Master's Theses

Date of Award

Spring 1968

Degree Name

Master of Science (MS)

Department

Psychology

Advisor

Edna Rawlings

Abstract

This study was designed to demonstrate that considerable freedom to discard human figure drawings from a group of drawings would increase the likelihood of a clinical psychologist correctly predicting levels of adjustment by the use of drawings. Subjects were twenty patients from St. Louis State Hospital, ten of whom were diagnosed as psychotics and ten diagnosed as neurotics, and ten individuals from hospital staff comprising the normal group. Human figure drawings were collected from each subjects and these in turn were submitted to a panel of four qualified clinical psychologists. Each judge followed two steps: two judges were forced to categorize all drawings first into the above named diagnostic categories and then to go back through the drawings and to discard drawings they felt to be diagnostically insignificant. The procedure was reversed for the other two judges. There was no significant difference obtained on either free- or forced-choice steps when compared to chance level. The freedom to discard drawings apparently had no effect on the validity as the difference did not approach statistical significance. It was found that normal group was misdiagnosed more frequently than neurotic or psychotic group.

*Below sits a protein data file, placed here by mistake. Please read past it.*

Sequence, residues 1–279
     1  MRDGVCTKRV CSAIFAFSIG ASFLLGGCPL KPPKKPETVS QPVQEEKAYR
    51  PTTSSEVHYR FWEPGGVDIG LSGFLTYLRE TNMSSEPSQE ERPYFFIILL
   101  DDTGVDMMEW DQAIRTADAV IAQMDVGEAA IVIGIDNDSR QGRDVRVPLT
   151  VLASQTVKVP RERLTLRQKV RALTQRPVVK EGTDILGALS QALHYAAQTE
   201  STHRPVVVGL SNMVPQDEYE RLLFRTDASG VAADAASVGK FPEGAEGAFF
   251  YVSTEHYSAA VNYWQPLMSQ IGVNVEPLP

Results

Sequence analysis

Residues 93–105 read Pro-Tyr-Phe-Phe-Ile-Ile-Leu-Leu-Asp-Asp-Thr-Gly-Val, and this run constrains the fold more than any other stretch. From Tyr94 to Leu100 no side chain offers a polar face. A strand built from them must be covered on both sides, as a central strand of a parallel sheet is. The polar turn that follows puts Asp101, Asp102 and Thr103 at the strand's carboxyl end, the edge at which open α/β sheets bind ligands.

Rights

Copyright 1968 Renuka Daftari Gandhi

Comments

Notice: This material may be protected by copyright law (Title 17 U.S. Code).

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